- It might also be possible for you to get a work visa through your employer under the Tier 2 (General) visa route.
- Other ways of staying would be on the basis of the long residence route.
What is my remedy if I experience domestic violence?
- You can stay in the UK if you are the partner of a British national, a settled person or a refugee and your relationship has broken down because of domestic abuse. As a spouse or as a civil partner your permission to remain in the UK depends on your relationship with your partner who is in the UK.
- When the relationship ends the visa may be curtailed by the Home Office. It is very important that you explain your circumstances to the Home Office before your leave is curtailed.
- The domestic violence rule applies if you are in the UK as a spouse or civil partner of someone who is British or who has indefinite leave to remain and you have suffered domestic violence. You can apply for indefinite leave to remain straight away. You can apply at any time during the probationary period i.e., the first two and a half years of your visa.
- Any behaviour that is within the definition of domestic violence will satisfy the criteria; this includes violent and non-violent behaviour. You will have to explain when the relationship broke down with your sponsor (partner) and why.
- If you are thinking of applying for indefinite leave to remain under the domestic violence rule it is important that you obtain legal advice. We will be able to assist you to collect the evidence and to make your application.
- The application form to use is SET(DV) and the application fee for the domestic violence rule application is currently £2,297 for each person.
What is the evidence of domestic violence?
Any evidence of domestic violence can be submitted in support of the application. However, some evidence is more persuasive than others. The most useful evidence will be evidence that shows that you meet the criteria of domestic violence:
- A court conviction for an offence that fits within the definition of domestic violence
- A police caution for an offence that fits within the definition of domestic violence
- A letter from Social Services confirming their involvement with you because you have experienced domestic violence
- Letters in support or reports from domestic violence support organisations
- Medical reports from a hospital, doctor or GP who has examined you and can confirm that you have suffered injuries consistent with being a victim of domestic violence.
- Police reports confirming they have been called because of domestic violence.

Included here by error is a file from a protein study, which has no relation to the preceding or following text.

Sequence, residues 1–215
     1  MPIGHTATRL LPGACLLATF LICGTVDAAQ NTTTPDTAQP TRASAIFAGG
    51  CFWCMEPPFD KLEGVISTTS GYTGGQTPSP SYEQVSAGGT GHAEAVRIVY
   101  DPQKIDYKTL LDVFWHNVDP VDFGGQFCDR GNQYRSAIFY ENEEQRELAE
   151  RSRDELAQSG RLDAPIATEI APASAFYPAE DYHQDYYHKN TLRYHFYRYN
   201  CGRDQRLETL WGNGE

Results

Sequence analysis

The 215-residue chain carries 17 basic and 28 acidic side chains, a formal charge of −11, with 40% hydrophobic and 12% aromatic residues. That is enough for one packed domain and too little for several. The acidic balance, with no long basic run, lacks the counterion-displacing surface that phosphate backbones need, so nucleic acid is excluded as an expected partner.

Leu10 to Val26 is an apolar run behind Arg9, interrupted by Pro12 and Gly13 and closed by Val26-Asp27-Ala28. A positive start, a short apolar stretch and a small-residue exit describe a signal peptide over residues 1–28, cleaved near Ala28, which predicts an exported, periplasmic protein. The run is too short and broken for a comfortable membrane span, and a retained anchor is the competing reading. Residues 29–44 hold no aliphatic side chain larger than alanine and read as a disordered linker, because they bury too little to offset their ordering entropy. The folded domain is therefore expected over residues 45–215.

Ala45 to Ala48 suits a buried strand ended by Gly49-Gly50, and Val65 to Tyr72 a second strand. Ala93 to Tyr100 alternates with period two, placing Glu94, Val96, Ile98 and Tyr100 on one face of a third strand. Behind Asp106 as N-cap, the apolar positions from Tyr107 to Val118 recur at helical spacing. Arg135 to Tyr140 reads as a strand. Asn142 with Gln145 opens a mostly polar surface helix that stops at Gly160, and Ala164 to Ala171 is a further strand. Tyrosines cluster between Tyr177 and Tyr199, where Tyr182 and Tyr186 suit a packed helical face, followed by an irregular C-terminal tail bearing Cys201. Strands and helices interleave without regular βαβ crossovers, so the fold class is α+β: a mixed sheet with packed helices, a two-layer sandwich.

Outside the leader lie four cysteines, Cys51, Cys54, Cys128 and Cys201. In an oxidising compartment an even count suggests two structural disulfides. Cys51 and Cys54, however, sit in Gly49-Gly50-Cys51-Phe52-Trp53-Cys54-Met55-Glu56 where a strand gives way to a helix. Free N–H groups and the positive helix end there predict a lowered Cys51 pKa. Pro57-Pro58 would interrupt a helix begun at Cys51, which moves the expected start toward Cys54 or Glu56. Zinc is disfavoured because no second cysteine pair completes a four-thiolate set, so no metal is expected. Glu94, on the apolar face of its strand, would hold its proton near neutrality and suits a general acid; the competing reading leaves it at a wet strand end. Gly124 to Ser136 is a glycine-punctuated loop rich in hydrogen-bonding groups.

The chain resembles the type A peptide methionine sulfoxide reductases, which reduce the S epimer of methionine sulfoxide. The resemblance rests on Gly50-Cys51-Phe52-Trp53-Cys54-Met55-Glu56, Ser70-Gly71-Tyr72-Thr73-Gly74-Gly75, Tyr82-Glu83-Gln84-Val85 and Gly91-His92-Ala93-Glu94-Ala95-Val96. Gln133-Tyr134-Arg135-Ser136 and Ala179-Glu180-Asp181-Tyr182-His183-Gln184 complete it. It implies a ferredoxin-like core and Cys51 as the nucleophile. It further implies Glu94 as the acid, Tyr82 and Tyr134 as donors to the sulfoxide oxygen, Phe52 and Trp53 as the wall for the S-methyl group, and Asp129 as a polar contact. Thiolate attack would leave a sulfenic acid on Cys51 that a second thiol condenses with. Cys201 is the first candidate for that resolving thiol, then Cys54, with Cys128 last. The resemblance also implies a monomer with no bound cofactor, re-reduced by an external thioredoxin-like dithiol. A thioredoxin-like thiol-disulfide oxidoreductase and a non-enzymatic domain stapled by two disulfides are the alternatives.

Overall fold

If you do not have this evidence you can also provide other supporting evidence including testimonies from neighbours or friends who have witnessed the violence, or a report from a counsellor or psychologist.
What if my partner is an EEA National?
As a partner of an EU national you can apply under the EU Settlement Scheme but:
The UK left the EU on 1st January 2020. It negotiated a deal called EU-UK Withdrawal Agreement, and this agreement provided for an extension of all EU law until 31st December 2020 in order to give the UK time to negotiate itself properly out of the EU and on 31st December 2020 EU free movement law ends.
The Withdrawal Agreement provides a buffer to prevent European citizens finding themselves suddenly and abruptly without EU free movement law and therefore there are a further six additional months called “the Grace Period” to allow European citizens and their family members to protect their lawful UK residence status using the EU Settlement Scheme.
During this Grace Period those who have not yet applied to the EU Settlement Scheme may have their existing rights carried over until 30th June 2021. We strongly advise that your EU partner applies for the EU Settlement Scheme as soon as possible and an application for Pre-Settled or Settled Status for EU nationals may take days to be decided.
It is important to note that Europeans who marry a non-EU national by 31st December 2020, will be entitled to remain in the UK without much difficulty. However, for those who wish to move to the UK with their partners from 2021 onwards it will be more difficult if the EU national only has Pre-Settled Status.
Under the EU/UK Withdrawal Agreement EU citizens who relocate to the UK and marry a non EU national by 31st December will be entitled to stay in the country on the same terms as under the citizenship directive. By contrast, those who meet or marry their partner after that date will need to comply with UK domestic family provisions such as minimum income requirements etc.